Very clear with the words, AJAX is not a programming language, its simple a development technique for creating interactive web application.

The AJAX technique makes web pages more responsive by exchanging data with a server behind the scenes, instead of reloading an entire web page each time a user makes a change.
With AJAX, web applications can be faster, more interactive, and more user friendly.
Ya, while talking of AJAX how come someone leave without taking the name of Google which makes the AJAX megahit. Google hottest applications are using AJAX like Google Gmail, Google Map, Google Chart. Not only this how come others be so slow in race. Flickr whole development in AJAX.

But the real problem comes when techology grows and what is with AJAX ?
Ummm ... JavaScript naaaaaa !! Programming in JavaScript is a real pain. But but but ... company like Google is using this technology, how come it be painful. Yes, Google is going to provide developers with a simpler way to create Ajax applications. The Google Web Toolkit (GWT) released this week is a framework that converts a standard Java application into Ajax that will work in all browsers.

Google don't want to continue this hot technology with Java Script. Google developers itself had to spend more than a month to run Google Map in Apple's Safari.

GWT works with any standard Java IDE (define) to convert a full-blown Java application to JavaScript, while paring down the application and removing classes and functions not allowed in the more restricted browser environment. JavaScript applications, for instance, don't have access to the computer's file system, while Java does.

A lot of Java developers don't know JavaScript, so GWT will be a real help in building Ajax applications, said Dick Wall, principal software engineer for New Energy Associates, a division of Siemens. Wall is also a member of the Java Posse and the group has been discussing GWT a lot on its Podcasts from Sun's JavaOne conference this week

People look to Google as an Ajax community leader because of its success with Maps, Calendar and Gmail, so anything they do will warrant a lot of attention and hopefully encourage more Ajax development.

Some patches are still left to fix like to run it on native Mac OS. But we all will see GWT soon in market. Lets see , Is this technology is going to make a difference !

Open Source, I am talking about solution!

If I ask any tech. freak that tell me the most readily available thing today! No doubt the answer goes in favour of codes!

Except Microsoft Operating System, I don't think any piece of code left that is not available on net, of course free. Linux revolution and an idea "My Source, Your Source - Open Source" changed the whole business demands.
A recent survey found 52% of companies are replacing Windows servers with Linux servers. But the biggest thing business has to learn from open source is not about Linux or Firefox, but about the forces that produced them. Ultimately these will affect a lot more than what software you use.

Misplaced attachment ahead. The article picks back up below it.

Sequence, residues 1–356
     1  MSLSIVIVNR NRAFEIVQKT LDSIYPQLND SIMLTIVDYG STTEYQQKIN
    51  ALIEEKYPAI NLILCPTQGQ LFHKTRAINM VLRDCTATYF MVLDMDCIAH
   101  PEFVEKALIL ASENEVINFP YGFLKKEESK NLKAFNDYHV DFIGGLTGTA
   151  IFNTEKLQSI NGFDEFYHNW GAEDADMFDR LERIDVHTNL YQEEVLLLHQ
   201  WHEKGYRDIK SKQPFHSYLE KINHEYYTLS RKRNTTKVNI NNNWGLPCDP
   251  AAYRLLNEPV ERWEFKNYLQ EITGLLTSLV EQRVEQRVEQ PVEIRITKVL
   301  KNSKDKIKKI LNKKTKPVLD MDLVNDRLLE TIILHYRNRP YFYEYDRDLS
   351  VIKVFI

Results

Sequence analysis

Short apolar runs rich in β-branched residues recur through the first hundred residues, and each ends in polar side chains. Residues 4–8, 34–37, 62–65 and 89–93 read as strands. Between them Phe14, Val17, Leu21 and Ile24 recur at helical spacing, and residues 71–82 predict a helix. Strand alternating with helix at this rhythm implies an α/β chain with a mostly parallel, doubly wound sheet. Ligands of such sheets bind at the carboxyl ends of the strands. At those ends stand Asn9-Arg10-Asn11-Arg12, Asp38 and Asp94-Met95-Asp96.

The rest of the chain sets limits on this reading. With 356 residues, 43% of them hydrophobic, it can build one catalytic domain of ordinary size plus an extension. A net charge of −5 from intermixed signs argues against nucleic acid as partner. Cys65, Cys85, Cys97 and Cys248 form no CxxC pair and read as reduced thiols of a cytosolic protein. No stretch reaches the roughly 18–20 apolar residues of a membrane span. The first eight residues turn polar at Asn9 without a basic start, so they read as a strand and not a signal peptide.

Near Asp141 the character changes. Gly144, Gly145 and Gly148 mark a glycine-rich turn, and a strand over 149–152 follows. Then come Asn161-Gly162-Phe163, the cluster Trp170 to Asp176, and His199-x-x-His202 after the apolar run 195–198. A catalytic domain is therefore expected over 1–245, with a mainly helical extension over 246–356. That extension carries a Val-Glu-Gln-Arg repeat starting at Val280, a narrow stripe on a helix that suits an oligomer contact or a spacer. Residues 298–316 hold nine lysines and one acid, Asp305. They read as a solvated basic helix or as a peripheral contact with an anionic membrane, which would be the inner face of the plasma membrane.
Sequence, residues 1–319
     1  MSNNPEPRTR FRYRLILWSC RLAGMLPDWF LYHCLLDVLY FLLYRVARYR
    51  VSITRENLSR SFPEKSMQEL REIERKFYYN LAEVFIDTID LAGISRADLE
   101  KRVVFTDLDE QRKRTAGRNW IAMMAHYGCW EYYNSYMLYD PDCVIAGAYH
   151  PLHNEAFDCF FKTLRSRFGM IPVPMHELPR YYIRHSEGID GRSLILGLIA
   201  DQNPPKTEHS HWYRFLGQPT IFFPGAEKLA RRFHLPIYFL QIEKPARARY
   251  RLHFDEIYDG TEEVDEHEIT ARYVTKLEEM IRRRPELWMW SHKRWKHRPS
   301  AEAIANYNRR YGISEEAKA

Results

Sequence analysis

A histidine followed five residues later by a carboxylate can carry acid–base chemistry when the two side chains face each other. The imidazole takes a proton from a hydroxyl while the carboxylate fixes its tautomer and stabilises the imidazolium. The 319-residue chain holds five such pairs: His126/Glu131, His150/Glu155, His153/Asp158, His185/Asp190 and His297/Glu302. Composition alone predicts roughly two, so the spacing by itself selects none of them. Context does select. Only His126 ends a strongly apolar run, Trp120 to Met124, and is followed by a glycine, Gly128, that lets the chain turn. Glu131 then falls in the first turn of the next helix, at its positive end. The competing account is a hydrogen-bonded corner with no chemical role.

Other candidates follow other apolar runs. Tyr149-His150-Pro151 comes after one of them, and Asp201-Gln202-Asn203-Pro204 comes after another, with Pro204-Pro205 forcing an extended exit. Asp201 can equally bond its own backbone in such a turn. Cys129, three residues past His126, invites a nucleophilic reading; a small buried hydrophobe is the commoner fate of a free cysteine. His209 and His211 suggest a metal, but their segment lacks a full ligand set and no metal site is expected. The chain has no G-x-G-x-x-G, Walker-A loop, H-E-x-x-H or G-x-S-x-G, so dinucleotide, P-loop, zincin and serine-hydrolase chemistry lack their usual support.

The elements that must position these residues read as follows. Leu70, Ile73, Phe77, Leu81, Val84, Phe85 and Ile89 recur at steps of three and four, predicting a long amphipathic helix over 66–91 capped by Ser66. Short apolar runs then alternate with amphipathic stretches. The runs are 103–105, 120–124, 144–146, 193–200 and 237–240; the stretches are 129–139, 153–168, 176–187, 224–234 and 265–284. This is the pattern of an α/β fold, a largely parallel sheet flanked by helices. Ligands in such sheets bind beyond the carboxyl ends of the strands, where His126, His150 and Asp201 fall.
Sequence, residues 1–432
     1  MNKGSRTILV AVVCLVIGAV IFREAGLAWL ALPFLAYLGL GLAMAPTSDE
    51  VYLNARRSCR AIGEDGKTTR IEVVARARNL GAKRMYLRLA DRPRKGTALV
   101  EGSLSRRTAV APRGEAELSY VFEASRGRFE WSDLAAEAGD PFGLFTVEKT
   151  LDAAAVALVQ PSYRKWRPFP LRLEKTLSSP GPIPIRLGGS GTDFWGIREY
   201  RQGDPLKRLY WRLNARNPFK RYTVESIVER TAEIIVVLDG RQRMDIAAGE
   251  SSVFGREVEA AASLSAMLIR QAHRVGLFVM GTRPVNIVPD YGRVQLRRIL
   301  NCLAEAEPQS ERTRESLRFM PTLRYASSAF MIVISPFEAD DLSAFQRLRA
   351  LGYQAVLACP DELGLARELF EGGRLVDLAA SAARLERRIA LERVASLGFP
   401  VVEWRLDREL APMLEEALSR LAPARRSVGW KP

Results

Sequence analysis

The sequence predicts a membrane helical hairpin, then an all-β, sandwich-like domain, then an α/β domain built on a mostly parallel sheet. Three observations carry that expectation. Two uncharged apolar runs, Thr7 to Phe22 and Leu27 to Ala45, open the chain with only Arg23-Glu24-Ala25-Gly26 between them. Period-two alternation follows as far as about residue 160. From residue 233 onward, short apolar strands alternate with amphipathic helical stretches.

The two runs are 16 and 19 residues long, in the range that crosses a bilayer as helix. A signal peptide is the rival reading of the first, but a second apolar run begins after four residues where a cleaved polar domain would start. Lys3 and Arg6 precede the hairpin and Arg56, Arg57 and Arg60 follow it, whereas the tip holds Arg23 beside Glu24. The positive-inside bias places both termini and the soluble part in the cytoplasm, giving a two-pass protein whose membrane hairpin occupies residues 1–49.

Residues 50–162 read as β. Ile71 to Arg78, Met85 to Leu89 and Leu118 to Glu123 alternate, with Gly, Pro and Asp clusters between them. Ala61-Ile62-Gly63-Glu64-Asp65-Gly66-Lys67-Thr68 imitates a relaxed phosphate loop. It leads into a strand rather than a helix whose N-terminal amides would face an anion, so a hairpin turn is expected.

Yes, Sun is going to organize 1800 free seminars this year. So for those in attendance tomorrow, thank you for joining us - at what's become the world's largest free and open source software developer conference. Believe me, there's a huge tent waiting for you - I just walked the main hall, and you could fit a few Space Shuttles in the place.

Don't tell me that you will not buy this software even they cost some bugs:

But this is the beginning of Story, the great battle begins in between all the open-source software. Till you think for a idea, somebody already deployed it and really market is flooded with these ideas.

I remembered the last line of the movie Antitrust: "Human knowledge belongs to the world". Can we make a difference?

Friday, May 19, 2006

The power of Java ...

The power of Java - with this the conference of JavaOne began on 16th May. It talks of Java and only Java from mobile to biggy servers.

Sun believes on the simple funda of Darwin, as Darwin said, it's not the strongest organisms that win, it's the most adaptable.

Asking Jonathan of Sun, how Sun monetizes Java, he replied "you want to know how I feel about Java, my view is it's changing the world - standardizing the plugs and rail gauges and containers used by global internet players. Its momentum, in my view, is unstoppable. What's that worth to Sun? Give it your best shot. When I do, I say most of our revenue is derived from Java. Just like most of Verizon's revenue comes from handsets. Even though the economics of the handset look baffling (but I dare you to recommend to Verizon that they stop selling them). Those that believe free software or service yields lower revenue don't understand the economics or dynamics of the software industry. Think Google or Yahoo!, not Maytag."

The 2006 JavaOne Conference gives attendees unmatched opportunities for learning and making professional connections. This year's conference includes approximately 300 learning sessions. The general sessions feature an impressive roster of industry luminaries discussing the latest developments in their Java technology-based initiatives.